# On Koji-Hub host: enabling plugins in Koji first if you havent done so already
yum install koji-hub-plugins

edit  /etc/koji-hub/hub.conf and enable plugin and pluginpath

## Koji hub plugins
## The path where plugins are found
PluginPath = /usr/lib/koji-hub-plugins
## A space-separated list of plugins to load
Plugins = sigul_sign

Put https://github.com/philicious/koji-scripts-and-plugins/blob/master/sigul_sign/sigul_sign.py to /usr/lib/koji-hub-plugins and edit its config near the top . It logs to /var/log/httpd/error_log
Also it tags the RPM for the testing repo. I you only have one repo, set “testing_tag” to that one instead.

The plugin runs as user kojid therefore needs “sign” permission

su kojiadmin
koji grant-permission admin kojid

Add apache to group sigul and

# otherwise the plugin cant run the sigul command
chmod -R g=rw /var/lib/sigul
chmod g=rwx /var/lib/sigul

Restart apache and after every RPM build in Koji, it should be automatically signed and imported back to Koji.

Only thing left is to edit mash config to also process signed RPMs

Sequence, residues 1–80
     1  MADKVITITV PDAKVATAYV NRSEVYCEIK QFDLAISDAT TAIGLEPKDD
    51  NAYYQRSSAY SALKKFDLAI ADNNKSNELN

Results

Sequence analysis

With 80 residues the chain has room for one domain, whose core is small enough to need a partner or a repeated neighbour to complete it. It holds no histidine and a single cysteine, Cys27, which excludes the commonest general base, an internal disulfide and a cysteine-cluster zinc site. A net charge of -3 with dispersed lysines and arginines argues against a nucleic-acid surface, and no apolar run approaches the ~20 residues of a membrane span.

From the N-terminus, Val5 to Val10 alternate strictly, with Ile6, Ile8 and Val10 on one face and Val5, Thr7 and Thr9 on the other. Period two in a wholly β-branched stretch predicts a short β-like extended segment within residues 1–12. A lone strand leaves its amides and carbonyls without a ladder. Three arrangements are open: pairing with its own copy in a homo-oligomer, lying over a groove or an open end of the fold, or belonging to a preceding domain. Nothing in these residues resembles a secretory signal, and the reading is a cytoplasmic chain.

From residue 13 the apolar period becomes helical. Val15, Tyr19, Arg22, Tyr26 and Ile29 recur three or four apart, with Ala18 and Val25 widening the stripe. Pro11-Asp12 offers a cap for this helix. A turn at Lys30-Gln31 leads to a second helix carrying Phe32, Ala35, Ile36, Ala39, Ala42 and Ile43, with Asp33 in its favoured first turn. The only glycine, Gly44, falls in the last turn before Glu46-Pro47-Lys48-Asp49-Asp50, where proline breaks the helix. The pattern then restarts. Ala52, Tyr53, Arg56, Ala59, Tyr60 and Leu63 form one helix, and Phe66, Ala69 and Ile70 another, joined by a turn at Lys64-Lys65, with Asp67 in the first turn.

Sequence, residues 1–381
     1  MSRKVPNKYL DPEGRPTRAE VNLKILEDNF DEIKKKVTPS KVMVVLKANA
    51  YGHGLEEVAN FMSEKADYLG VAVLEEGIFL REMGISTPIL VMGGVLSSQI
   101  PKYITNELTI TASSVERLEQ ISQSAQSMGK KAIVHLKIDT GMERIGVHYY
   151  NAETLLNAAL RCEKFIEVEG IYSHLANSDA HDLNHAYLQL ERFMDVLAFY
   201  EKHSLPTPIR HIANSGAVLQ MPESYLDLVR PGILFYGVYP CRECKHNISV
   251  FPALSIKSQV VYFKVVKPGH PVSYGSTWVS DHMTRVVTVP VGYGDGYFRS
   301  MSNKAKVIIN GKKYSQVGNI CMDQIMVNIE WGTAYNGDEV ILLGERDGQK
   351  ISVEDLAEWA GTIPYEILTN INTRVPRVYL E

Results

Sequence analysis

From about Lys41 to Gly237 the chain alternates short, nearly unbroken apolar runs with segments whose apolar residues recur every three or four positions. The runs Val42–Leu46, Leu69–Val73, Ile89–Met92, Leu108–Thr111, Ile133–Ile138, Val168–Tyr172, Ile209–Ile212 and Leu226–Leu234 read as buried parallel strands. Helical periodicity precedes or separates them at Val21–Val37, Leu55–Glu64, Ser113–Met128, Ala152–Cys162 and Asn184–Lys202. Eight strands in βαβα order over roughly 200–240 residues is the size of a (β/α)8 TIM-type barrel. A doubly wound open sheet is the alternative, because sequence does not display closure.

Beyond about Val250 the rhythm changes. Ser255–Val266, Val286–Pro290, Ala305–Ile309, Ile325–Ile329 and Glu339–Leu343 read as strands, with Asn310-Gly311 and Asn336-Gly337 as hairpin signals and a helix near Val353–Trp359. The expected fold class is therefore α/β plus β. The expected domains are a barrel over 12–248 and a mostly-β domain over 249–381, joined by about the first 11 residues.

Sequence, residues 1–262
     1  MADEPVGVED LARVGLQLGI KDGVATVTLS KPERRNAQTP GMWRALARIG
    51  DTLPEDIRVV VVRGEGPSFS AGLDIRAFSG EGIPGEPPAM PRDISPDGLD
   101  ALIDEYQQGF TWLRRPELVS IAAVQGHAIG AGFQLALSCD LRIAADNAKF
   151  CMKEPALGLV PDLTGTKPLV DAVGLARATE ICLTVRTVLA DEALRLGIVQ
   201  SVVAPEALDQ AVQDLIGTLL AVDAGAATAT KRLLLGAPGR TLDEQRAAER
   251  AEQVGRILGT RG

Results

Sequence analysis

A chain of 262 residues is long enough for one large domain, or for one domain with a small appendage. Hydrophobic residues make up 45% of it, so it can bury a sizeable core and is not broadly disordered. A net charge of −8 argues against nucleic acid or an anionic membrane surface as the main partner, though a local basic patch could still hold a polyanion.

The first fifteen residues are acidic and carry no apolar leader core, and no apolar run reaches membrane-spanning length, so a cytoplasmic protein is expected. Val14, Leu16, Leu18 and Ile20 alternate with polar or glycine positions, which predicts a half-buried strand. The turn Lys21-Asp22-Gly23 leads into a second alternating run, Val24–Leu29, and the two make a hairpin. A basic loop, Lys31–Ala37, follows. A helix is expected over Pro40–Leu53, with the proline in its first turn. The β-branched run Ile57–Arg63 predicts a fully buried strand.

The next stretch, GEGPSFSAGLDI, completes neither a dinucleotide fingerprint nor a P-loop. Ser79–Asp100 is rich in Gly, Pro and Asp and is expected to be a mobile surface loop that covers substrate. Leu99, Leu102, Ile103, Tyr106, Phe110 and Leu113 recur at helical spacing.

• Andrew Miskell
    • March 2nd, 2016 5:29pm

    I tried to sign with sign for koji and I set everything up as described in the article but when I run:

    sigul sign-rpm –koji-only –store-in-koji –v3-signature my-gpg-key-name foo.rpm

    I get an EOF error and when I look in the logs for sigul-bridge, I see the following error.

    2016-03-02 17:26:19,345 WARNING: Error working with request data: Koji connection failed: CN=kojiweb,OU=xxx,O=xxx,ST=California,C=US is not authorized to login other users

    Any idea what’s causing this?

      • phil
      • March 31st, 2016 3:37pm

      Sorry for the late response but I only saw your comment now. Koji is very picky when it comes to the certificate setup. So I assume you have a problem there. I’d review and double-check all certs and users.

    • Corin
    • April 6th, 2016 4:32pm

    Hi,

    I’ve setup koji and sigul on the same machine and koji works fine (80 odd package builds already) and sigul can sign any rpm I give it. Sigul also has access to koji but whenever I try to sign an rpm with –koji-only and –store-in-koji it signs the rpm and then gets an EOF and in the bridge logs it shows Required field rpm-release missing. The Release field in the rpm info shows 4.el6 for this particular one I keep testing with for example.

    Any ideas?

      • phil
      • April 6th, 2016 4:40pm

      Hey, I’m afraid but I dont have/use Koji anymore and your error doesnt ring a bell. However these articles should work. What I would suggest is trying to sign and then upload manually. Also use high verbosity where possible.